Ruling hits tax option for advisors
The ability of financial advisors to flow securities commissions through a
personal corporation was dealt a blow last week by a Tax Court of Canada
decision, which ruled that a Nova Scotia advisor must pay tax personally on his
mutual fund trailer commissions, despite having redirected them through his
Running advisory practices through private corporations has provided the
benefits of low corporate tax rates and deferred personal tax until the
dividends are paid out. This can be enhanced further by an income splitting
strategy whereby dividends are paid on shares held by a spouse or children over
Provincial securities law across Canada prohibits advisors from registering
as incorporated salespersons and, therefore, the licence to sell securities must
be held individually.
Similarly, the Mutual Fund Dealers Association's (MFDA) Rule 2.4.1, "Payment
of Commissions to Non-Registered Entities" prohibits the payment of mutual fund
commissions to personal corporations. That said, late last year, the securities
commissions of British Columbia, Saskatchewan, Ontario and Nova Scotia extended
a previously issued exemption suspending the rule's enforcement until Dec. 31,
2008, effectively allowing mutual fund commissions to be paid to personal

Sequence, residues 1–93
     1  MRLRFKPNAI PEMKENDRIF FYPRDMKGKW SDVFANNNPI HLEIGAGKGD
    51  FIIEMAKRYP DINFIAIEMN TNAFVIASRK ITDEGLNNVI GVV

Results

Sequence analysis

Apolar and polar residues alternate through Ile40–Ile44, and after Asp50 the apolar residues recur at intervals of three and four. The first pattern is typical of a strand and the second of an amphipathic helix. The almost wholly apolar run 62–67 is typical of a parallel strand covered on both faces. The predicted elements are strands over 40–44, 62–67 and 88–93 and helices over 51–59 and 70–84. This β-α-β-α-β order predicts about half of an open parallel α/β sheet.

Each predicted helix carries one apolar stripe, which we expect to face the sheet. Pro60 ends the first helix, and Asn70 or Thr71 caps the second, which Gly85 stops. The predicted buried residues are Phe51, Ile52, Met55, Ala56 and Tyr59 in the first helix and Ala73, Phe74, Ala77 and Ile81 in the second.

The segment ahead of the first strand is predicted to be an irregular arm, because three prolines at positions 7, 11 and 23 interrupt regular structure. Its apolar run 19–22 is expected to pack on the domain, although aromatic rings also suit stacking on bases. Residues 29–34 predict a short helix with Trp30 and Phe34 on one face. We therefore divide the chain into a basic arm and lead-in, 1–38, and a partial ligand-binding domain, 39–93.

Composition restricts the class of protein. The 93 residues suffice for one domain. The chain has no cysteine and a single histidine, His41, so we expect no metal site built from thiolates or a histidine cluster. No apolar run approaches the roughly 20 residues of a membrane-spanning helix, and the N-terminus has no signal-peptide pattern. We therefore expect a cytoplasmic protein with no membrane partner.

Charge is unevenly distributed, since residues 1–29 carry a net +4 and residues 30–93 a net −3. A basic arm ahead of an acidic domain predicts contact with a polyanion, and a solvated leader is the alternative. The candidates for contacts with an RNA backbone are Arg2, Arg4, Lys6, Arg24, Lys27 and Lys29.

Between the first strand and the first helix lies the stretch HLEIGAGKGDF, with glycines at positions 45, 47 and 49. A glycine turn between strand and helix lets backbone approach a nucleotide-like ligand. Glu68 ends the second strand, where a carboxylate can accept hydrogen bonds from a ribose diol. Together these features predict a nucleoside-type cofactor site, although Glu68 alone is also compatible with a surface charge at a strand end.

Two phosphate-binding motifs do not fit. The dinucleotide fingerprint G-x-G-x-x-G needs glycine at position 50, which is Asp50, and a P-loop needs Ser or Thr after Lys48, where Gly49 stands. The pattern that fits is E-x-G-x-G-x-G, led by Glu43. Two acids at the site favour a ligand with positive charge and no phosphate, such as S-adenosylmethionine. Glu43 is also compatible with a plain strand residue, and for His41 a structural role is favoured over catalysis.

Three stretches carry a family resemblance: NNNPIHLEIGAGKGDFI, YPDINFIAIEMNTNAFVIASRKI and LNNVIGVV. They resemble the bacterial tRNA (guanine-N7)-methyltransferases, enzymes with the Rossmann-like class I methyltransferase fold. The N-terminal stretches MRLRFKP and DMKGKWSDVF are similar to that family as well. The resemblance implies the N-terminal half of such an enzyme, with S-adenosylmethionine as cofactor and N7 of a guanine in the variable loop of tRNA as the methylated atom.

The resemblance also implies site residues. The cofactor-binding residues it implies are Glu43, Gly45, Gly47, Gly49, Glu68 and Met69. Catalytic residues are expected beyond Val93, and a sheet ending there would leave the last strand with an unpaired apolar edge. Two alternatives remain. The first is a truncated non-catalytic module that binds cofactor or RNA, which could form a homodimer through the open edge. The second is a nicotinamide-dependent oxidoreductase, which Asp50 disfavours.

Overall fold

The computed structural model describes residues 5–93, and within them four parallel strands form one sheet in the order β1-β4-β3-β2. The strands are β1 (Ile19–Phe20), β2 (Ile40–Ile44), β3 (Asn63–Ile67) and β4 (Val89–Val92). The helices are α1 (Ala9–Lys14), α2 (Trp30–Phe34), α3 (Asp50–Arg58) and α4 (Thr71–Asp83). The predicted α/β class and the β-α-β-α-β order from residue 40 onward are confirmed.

corporations in those four provinces.
However, just because the commissions can be physically paid to an advisor's
corporation does not necessarily mean the corporation has "earned" those
commissions for tax purposes.
This was the issue in the recent case in which the Halifax advisor and his
dealer had an oral agreement in which his mutual fund trailing commissions would
be paid to his numbered Nova Scotia company. His company reported the income on
a corporate tax return.
The Canada Revenue Agency felt that the money should be taxed in his hands
personally and reassessed him, arguing that "the transfer of the fees to the
Corporation was simply a scheme to artificially reduce [his] income. He remains
beneficially entitled to those fees. The Corporation was essentially a
receptacle for the flow of revenue with dividends from the Corporation flowing
back into [his] account."
The judge agreed and found that the transfer was specifically caught by an
anti-avoidance rule of the Income Tax Act designed to prevent the avoidance of
tax that could result when a right to income is transferred between parties that
don't deal at arm's length, including a personal corporation.
Essentially, the question boiled down to who "beneficially earned" the
trailer fees, the corporation or the advisor? The judge concluded it was the
The judge left the door open for other cases, saying that "given the right
set of circumstances, a company could be engaged in the active business of
providing services to earn trailer fees."
Those circumstances may include a formal employment contract between the
advisor and his or her corporation, business expenses being paid from the
corporation and remuneration paid to the advisor from the corporation -- all of
which were absent in the current case.
The full text of the decision can be found at:
- - - - Jamie Golombek, CA, CPA, CFP, CLU, TEP is vice-president, taxation
and estate planning, at AIM Trimark Investments in Toronto.